Owner Operators - The Grapevine

Now is the time to start planning your business strategy for the coming year. This is the time to start seriously thinking about how much money you're going to make this year and how much of that will you be able to keep your hands on.

The year 2006 has been a wild ride once again, with the rise and fall of fuel prices and the argument of "driver turnover" or "driver shortage"! So, what's on the horizon for 2007?

Well, we have had a change at the helm of both the DOT and the FMCSA. The ATA wants to slow down trucks to 68 miles per hour, the Ultra Low Sulfur Diesel (ULSD) fuel hit the pumps and black boxes in the cab can be clearly seen on the horizon.

The idiom that comes to mind is: If you fail to plan, you plan to fail.

Of course, we know that you don't have a big staff. If you're an independent contractor, you will have to wear five or six hats. Most owner-operators feel intimidated because they have to do everything.

Then there comes a time when most independent contractors are faced with the challenge of growing their business beyond what they can do alone. The risks of making the leap from owner-operator of a one-person outfit to a CEO of multimillion-dollar operation are as great as the rewards.

You do not have to have a college education to figure out what to do. But before making the next step with your company, be certain it is the right move for you and then get prepared for potential obstacles. Just as the president of the United States has his 15 Cabinet advisors, you also need someone in each of the fields that you feel is important to you, someone you can fall back upon for advice.

In this day and age, it is almost impossible for you to think that you will be able to handle everything that life throws at you. This is where joining the appropriate association comes into play. If you join the right one, you are surrounded by a multitude of properly educated people to help you; not only for survival, but to be successful in your business. The greatest thing about it is, you do not have to pay them a high salary.

The first thing to look at in deciding what association to join is, what do they offer? We all must realize we are in the Twenty First Century and Twentieth Century ways of hauling won't work. Like when the Nineteenth Century ended and most goods were hauled by wagons and horses. People were saying, "Those infernal internal combustion engine contraptions will never work. They are unreliable and dangerous." But you won't see any wagons and horses pulling freight today. Trucking is an ever-evolving industry.

So, based on your last year's gross figures, let's start planning about those dreaded taxes. It is never too late to start learning about how to legally reduce your taxes. In fact, in 1935, there was a court case called, "Gregory v. Helvering, 293 U.S. 454." This case basically said, "The legal right of a taxpayer to decrease the amount of what otherwise would be his taxes, or altogether avoid them, by means which the law permits, cannot be doubted." Simply put it is YOUR RIGHT to legally reduce your taxes anyway you can.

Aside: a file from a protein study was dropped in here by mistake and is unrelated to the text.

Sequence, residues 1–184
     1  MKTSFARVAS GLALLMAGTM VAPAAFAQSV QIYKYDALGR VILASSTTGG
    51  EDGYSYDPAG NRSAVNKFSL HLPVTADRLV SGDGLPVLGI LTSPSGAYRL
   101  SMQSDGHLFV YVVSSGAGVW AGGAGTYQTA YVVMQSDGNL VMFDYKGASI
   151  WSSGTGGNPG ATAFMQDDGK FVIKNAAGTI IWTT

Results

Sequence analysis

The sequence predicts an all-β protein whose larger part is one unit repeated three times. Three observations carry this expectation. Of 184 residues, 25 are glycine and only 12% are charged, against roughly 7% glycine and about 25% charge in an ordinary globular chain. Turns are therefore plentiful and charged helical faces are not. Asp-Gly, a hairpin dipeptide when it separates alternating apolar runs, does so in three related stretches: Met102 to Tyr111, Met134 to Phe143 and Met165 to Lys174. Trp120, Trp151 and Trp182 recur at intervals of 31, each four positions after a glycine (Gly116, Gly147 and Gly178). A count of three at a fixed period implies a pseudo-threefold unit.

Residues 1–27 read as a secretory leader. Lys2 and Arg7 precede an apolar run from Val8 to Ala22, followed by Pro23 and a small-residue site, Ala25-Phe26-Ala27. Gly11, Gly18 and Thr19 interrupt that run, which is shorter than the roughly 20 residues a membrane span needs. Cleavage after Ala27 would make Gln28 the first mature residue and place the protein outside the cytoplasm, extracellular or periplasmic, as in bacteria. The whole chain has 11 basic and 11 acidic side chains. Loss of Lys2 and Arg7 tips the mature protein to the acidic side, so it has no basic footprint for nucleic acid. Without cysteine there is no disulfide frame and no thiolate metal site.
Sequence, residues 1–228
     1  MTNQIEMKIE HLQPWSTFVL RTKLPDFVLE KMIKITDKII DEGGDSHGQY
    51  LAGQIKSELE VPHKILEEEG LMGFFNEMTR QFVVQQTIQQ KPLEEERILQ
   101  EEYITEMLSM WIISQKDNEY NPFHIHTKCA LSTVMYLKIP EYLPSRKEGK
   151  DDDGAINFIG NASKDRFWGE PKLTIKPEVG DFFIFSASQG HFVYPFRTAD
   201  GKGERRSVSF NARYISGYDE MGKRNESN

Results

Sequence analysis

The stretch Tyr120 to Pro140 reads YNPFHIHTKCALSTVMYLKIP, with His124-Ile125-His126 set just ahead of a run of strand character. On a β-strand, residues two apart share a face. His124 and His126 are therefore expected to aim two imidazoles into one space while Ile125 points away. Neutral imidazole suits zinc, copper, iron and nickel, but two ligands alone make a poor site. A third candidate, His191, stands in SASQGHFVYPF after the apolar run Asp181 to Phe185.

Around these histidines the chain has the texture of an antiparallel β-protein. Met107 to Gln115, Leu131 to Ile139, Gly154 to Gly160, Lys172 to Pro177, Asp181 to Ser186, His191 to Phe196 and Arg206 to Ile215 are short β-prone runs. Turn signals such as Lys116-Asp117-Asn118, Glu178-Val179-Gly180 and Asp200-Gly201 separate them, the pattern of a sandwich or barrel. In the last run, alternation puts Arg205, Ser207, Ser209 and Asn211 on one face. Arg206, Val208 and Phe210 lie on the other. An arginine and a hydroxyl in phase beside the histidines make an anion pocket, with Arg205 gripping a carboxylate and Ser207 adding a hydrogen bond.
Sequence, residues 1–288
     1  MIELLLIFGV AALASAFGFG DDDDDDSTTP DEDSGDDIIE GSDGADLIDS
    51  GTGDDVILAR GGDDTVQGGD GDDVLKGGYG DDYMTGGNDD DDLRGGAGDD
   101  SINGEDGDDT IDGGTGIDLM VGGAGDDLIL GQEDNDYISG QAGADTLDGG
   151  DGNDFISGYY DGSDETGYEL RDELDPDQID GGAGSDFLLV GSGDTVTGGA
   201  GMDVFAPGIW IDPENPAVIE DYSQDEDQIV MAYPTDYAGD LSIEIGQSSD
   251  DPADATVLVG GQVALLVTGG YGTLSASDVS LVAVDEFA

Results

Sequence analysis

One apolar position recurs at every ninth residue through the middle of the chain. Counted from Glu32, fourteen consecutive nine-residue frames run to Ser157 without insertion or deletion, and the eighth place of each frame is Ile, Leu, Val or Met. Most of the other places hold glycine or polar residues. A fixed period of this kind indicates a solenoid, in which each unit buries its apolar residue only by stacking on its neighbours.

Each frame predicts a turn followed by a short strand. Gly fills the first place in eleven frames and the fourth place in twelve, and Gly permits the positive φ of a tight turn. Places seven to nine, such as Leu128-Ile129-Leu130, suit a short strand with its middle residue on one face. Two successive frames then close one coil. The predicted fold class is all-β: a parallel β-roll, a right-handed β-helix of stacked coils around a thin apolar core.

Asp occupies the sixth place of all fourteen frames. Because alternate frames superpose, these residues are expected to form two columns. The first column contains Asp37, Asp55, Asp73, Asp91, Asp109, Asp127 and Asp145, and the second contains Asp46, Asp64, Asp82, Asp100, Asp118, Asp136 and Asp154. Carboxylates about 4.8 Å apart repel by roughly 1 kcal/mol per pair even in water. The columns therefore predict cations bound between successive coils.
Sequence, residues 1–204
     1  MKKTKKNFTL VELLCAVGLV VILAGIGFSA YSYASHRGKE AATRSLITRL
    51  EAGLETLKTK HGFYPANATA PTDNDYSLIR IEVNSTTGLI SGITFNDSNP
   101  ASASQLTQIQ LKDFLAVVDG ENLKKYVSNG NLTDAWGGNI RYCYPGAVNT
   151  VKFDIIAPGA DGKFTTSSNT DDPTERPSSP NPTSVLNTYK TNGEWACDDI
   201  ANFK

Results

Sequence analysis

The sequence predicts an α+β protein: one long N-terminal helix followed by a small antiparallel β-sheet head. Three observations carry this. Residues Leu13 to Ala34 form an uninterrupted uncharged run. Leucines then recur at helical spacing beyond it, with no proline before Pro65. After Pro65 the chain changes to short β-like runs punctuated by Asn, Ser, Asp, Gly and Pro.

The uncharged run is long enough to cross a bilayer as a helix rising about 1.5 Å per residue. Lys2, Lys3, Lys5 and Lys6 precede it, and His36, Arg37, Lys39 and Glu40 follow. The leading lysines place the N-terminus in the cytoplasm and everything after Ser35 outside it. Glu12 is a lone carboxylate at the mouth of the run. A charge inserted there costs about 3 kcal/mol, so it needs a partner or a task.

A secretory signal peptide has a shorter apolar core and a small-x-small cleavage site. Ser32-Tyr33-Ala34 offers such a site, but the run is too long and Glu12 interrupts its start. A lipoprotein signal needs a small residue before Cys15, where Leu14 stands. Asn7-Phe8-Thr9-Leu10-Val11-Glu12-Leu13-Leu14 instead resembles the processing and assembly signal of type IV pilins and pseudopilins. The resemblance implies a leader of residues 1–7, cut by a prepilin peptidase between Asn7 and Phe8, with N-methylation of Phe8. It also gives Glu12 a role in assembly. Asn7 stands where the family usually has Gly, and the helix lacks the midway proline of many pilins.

The first thing you need is a bookkeeper, an accountant or a CPA so that you can prepare how you are going to protect your family and business. Look for an organization that has an in-house CPA that deals with the IRS on a monthly basis.

For instance, whom can you turn to about accounting? Did you know that the Internal Revenue Service (IRS) has increased the standard mileage deduction for business use of a motor vehicle to 48.5 cents per mile in 2007? Employees or the self-employed may use this optional amount in computing the deductible cost of operating an automobile, van, pickup or panel truck for business purposes. The rate for 2006 was 44.5 cents per mile. Employers that use the IRS rate or lower may deduct that amount as a business expense. However, employees who are reimbursed at a higher rate may be required to pay taxes on the difference between their reimbursement rate and the IRS standard mileage deduction because the IRS considers that amount to be wages.

Next, look for an organization that has not only one or two health plans, but several to choose from so you can find one that matches your pocketbook. Do you know that there are medical benefit programs out there that offer 100% return of premium no matter how much you use the program? Did you know that a self-employed business owner can have a 100 % deduction for his family's medical costs?

With high fuel prices, look for a good fuel card. It should be one that is nationwide and has a rebate program, and most importantly does not charge you every time you use it.

Did you know that fuel has now passed vehicle expense as the biggest ongoing expense after the purchase price of the power unit itself? Typical truck payments are in the $2000 to $3500 a month range (for a new truck, depending on trade and/or down payment and length of financing, etc.) while fuel is running $3900+ for a truck getting 7 miles per gallon purchasing fuel at $2.75, up to $4900, or almost $5000 a month for a truck getting 6 miles per gallon paying $3.00 per gallon. That is based on 10,000 miles a month, which is "average." Owner-operators that run more miles are, of course, purchasing more fuel.

Next month we will tackle the prospects for increasing hauling rates and what can you do to beef up your hauling position in relation to your competitors.

If you have any questions, email wayne@ntassoc.com.